The mercury vapor lamp is a negative resistance device. This means its resistance decreases as the current through the tube increases. So if the lamp is connected directly to a constant-voltage source like the power lines, the current through it will increase until it destroys itself. Therefore, it requires a ballast to limit the current through it. Mercury vapor lamp ballasts are similar to the ballasts used with fluorescent lamps. In fact, the first British fluorescent lamps were designed to operate from 80-watt mercury vapor ballasts. There are also self-ballasted mercury vapor lamps available. These lamps use a tungsten filament in series with the arc tube both to act as a resistive ballast and add full spectrum light to that of the arc tube. Self-ballasted mercury vapor lamps can be screwed into a standard incandescent light socket supplied with the proper voltage.
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Methods to Make Metal Vapor
Publication   Publication Date   Title
EP0040547B1   1985-10-02   Illumination system including a low pressure arc discharge lamp
US3624444A   1971-11-30   Low-pressure mercury vapor discharge lamp
US2453118A   1948-11-09   Concentrated arc discharge device
US2249672A   1941-07-15   Discharge device
US3609436A   1971-09-28   Fluorescent light source with a plurality of sequentially energized electrodes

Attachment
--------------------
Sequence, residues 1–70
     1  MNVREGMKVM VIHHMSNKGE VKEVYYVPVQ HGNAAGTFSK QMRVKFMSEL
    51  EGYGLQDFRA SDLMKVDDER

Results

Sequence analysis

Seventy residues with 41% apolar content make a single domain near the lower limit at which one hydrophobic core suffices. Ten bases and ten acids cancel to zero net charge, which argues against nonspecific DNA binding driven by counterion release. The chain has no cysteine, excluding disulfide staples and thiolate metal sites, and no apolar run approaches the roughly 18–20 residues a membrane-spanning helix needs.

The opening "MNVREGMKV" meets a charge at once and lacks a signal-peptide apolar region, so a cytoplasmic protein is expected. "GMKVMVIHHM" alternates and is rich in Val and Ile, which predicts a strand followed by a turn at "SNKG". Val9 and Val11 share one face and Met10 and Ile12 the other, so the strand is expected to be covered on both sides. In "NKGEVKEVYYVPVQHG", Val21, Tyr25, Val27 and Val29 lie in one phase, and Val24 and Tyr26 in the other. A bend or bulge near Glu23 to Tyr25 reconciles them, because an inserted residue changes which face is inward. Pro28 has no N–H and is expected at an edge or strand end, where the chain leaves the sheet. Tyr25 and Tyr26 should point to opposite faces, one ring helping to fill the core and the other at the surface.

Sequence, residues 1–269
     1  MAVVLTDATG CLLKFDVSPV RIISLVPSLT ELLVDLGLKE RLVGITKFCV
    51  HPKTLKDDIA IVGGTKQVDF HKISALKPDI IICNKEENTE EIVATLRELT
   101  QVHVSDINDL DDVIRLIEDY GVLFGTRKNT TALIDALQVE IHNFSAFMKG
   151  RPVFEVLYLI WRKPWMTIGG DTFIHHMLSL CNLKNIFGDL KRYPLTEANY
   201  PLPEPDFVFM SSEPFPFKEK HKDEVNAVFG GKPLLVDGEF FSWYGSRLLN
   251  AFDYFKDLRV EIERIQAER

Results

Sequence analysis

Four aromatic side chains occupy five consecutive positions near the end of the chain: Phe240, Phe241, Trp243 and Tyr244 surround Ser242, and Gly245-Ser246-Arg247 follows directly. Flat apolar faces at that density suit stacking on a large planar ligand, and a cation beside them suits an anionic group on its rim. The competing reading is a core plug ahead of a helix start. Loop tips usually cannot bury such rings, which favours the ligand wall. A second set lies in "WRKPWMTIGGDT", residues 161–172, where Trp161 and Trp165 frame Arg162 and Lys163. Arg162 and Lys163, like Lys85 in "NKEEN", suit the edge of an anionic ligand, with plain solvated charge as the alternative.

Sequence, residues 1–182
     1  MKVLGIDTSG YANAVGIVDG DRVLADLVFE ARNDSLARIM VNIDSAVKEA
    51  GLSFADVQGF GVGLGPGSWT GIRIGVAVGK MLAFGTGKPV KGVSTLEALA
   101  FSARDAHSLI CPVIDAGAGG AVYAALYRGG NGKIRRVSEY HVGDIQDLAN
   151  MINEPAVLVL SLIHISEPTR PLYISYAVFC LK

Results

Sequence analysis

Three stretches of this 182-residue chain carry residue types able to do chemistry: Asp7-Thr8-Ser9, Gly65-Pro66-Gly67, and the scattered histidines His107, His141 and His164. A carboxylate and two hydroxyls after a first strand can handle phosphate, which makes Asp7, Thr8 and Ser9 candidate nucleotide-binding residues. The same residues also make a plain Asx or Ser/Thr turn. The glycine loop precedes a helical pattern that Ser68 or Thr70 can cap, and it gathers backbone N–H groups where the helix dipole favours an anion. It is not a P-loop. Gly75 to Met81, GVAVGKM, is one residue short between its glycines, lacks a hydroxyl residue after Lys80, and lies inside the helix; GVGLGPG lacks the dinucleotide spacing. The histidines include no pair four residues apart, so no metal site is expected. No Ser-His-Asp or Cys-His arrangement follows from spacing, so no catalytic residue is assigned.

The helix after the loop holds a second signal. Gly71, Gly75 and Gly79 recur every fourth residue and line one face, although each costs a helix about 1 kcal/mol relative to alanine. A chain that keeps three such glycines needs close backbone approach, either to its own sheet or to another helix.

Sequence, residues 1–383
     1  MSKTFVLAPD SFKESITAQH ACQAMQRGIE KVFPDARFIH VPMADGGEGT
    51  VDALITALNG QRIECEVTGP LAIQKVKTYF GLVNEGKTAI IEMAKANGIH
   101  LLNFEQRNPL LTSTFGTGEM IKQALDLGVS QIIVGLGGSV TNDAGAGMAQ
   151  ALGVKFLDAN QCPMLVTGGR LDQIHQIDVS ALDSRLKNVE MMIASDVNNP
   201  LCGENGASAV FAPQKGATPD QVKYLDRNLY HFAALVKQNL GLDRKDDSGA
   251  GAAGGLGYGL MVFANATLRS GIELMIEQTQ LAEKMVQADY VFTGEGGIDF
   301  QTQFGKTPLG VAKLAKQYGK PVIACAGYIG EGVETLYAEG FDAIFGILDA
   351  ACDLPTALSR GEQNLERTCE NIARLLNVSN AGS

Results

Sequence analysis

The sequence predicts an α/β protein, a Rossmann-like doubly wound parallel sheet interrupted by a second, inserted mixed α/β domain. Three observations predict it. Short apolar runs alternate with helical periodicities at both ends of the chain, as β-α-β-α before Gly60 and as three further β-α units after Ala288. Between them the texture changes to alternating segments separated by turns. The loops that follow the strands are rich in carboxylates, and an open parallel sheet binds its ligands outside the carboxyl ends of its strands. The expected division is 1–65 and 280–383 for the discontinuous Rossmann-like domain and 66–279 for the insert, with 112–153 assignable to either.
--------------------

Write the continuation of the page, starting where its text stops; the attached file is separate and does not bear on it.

US2555749A   1951-06-05   Fluorescent lamp
US2182732A   1939-12-05   Metal vapor lamp
US2765416A   1956-10-02   Vapor lamps utilizing chemical compounds
US3445719A   1969-05-20   Metal vapor lamp with metal additive for improved color rendition and internal self-ballasting filament used to heat arc tube
US3514660A   1970-05-26   Electric discharge flicker lamp
US3013169A   1961-12-12   High output fluorescent lamp
US2228327A   1941-01-14   Discharge device
US3789266A   1974-01-29   Arrangement provided with a low-pressure vapour discharge lamp
US1980534A   1934-11-13   Gas arc lamp
US2298581A   1942-10-13   Luminescent lamp bulb
US4408141A   1983-10-04   Dual cathode beam mode fluorescent lamp
US3118107A   1964-01-14   Thermoelectric generator
US2262177A   1941-11-11   Lighting and radiating tube
US3424935A   1969-01-28   Harness construction for metal arc type lamp
CA1106908A   1981-08-11   Two-wire ballast for fluorescent tube dimming
US3748520A   1973-07-24   Electric discharge lamp having a fill including niobium pentaiodide complexed with an inorganic oxo-compound as the primary active component
US1531301A   1925-03-31   Luminous vessel
US3900761A   1975-08-19   High intensity metal arc discharge lamp
US3504218A   1970-03-31   Dual cathode for fluorescent lamps
US1914883A   1933-06-20   Method and apparatus for producing ions
Priority And Related Applications
Priority Applications (1)
Application   Priority date   Filing date   Title
US1160700A   1900-04-05   1900-04-05   Method of manufacturing electric lamps.
Applications Claiming Priority (1)
Application   Filing date   Title
US1160700A   1900-04-05   Method of manufacturing electric lamps.
US682692 Method of manufacturing electric lamps.